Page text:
“The Key”, which is the latest episode of AMC’s The Walking Dead continues to erode Negan’s aura of invincibility, as he can’t even keep Rick’s hands off his precious Lucille as he lurches from one insane and pathetic deal to the next. Simon’s had enough, and leads the rest of the Saviors off to war against the Hilltop. Meanwhile, Maggie makes a deal for The Key to the Future for a milk crate full of phonographic records, and Enid openly wonders if anything means anything anymore. You and me both, Enid. You and me both.
“Dead or Alive Or” crash lands back to Earth after the pleasant surprise that was last episode, and there’s no “Jadis makes chunky beef chili” aspect to take your mind off things. It’s the saddest traveling road show you’ve ever seen starring Father Gabriel and Dr. Carson. It’s Carol and Morgan morgalize over a young boy’s soul. It’s Daryl losing control over his refugee group because of arguing about the loyalties of Dwight. And Maggie making hard decisions on the Hilltop, which is the most interesting thing about the episode and so of course serves as the “C” plot. Can we get a second helping of that Zombie chili, ya’ll?
This is a podcast where Jim and I, using tools created for the purpose, randomly generate a title for a fictional TV show. We then pitch ideas to each other based on what that show would be like if it were real. We like to call it, “Quit Yer Pitchin’!”
Jim is off traveling the world this week, but Nina Perez from Project Fandom joins the lonely A.Ron to talk about the latest episode of AMC’s The Walking Dead which… isn’t half bad as far as these things go. Lots of Simon, an effective Rick vs Negan scene, and one of the most disgustingly awesome set pieces in all of The Walking Dead history combine to make for an entertaining episode. Sure, Rick’s back to being a loon, the garbage people are still garbage, and Oceanside has clearly lost their collective minds, but that’s why we said it’s “not half bad” instead of “pretty good”.
Jim and A.Ron are here to say goodbye to Carl, and to have the debate about whether or not we should be saying goodbye in the first place. While acknowledging this is an above par episode of The Walking Dead by AMC Studios standards, it commits several offenses, chief among them the decision to undercut a fairly effective scene of a father and surrogate mother saying tearful goodbyes to their son with yet. More. Morgalizing. Everyone involved is too good for what they’re doing, perhaps even including us, but we’ll be here to continue to catalog the decline of a once great television empire.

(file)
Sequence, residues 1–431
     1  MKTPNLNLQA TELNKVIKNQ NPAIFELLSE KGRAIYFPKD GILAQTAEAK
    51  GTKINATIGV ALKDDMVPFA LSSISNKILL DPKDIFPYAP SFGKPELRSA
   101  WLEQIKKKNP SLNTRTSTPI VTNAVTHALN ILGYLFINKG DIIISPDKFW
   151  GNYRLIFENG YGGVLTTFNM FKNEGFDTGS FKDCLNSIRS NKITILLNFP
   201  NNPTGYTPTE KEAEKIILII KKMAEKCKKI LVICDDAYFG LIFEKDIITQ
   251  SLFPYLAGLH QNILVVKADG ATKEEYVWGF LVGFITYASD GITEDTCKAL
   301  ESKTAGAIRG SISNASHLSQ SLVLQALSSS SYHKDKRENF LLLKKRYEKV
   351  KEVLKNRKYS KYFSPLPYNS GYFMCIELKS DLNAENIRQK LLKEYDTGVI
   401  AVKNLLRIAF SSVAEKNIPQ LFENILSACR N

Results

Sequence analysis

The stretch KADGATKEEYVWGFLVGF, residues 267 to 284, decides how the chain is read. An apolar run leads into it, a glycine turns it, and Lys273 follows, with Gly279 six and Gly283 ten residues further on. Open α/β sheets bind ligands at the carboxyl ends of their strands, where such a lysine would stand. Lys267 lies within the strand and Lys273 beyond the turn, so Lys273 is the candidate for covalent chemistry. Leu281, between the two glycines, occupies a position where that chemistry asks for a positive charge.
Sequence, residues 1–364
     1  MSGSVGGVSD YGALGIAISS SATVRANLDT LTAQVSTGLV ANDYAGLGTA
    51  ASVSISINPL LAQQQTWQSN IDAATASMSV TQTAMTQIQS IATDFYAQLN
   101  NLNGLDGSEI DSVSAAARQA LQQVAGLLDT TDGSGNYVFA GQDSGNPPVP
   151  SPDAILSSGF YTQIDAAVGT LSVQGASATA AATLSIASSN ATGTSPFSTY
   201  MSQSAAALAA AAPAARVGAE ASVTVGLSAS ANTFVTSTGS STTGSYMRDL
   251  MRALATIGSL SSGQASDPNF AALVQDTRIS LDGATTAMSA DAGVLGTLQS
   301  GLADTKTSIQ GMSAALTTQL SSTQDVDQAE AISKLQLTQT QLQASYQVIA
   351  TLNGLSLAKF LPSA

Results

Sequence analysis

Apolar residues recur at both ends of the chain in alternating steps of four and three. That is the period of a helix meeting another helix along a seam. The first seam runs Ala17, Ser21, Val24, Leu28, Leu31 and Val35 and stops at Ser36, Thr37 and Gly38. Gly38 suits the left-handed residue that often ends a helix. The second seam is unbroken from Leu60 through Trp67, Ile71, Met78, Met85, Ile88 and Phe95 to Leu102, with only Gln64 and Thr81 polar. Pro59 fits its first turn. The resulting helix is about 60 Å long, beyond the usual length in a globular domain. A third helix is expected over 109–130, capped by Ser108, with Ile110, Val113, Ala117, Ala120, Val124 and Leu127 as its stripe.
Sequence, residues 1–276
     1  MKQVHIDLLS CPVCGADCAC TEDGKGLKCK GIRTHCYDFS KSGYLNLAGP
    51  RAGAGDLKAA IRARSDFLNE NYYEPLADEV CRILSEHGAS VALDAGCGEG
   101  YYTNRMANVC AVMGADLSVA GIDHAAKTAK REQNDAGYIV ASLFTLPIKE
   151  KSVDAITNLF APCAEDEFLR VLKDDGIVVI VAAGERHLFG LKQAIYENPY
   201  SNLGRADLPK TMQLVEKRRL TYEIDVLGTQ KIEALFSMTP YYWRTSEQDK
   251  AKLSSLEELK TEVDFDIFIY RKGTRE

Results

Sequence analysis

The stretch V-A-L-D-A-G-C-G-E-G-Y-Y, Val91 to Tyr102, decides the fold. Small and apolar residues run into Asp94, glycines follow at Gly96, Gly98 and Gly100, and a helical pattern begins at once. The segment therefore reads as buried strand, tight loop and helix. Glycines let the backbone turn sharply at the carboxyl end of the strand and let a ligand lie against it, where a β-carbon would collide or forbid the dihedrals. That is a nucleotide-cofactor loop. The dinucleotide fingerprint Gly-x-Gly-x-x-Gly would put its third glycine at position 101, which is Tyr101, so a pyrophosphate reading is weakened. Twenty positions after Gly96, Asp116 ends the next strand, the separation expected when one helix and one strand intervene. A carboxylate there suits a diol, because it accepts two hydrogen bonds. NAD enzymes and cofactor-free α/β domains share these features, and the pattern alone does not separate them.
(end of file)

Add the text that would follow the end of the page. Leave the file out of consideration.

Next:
Come watch the episode with us. If it’s bad, we’ll make fun of it. If it’s good… well, we’ll still make fun of it, just a little less seriously.
We spin up Netflix’s Altered Carbon after we’ve decanted it for a few weeks, to see what we make of it in our final analysis. Cool concepts, excellent design, and decent sci-fi action are slightly undercut by sometimes silly and hammy execution, and a failure to take ideas to their logical conclusion. Still, we’re always down to ponder futurism and human singularities, so we dig it. It will be interesting to see if and how they decide to proceed with future seasons!
Jim and I will be back for the back half of season 8 of AMC’s The Walking Dead. Whether that is exciting or depressing is very much up to the individual, but it’s a fact, so today we’re previewing the next 8 episodes. What do we think about Gimple’s promotion? Is Carl really going to die? What did we think of the pre-season trailers and marketing? And who lives and who dies this season? We contemplate all this and more. See you Sunday night for the LiveWatch!
This is a podcast where Jim and I, using tools created for the purpose, randomly generate a title for a fictional TV show. We then pitch ideas to each other based on what that show would be like if it were real. We like to call it, “Quit Yer Pitchin’!” On this episode we pitch…
Jim and A.Ron have seen the first two episodes of Netflix’s new sci-fi film noir series Altered Carbon. Hundreds of years into the future, the wealthy elite change bodies like we change clothes, and a fallen rebel from a long ago civil war is brought back to life by a rich immortal who wants him to investigate his own “murder”. Intriguing premise, looks amazing, with fantastic action sequences, but we’re a bit worried that some of the lofty ideas and world building are half baked. Nothing fatal, which, what does that even mean to a series featuring unlimited lives? But we’re hoping for some satisfying answers and payoff in the weeks ahead.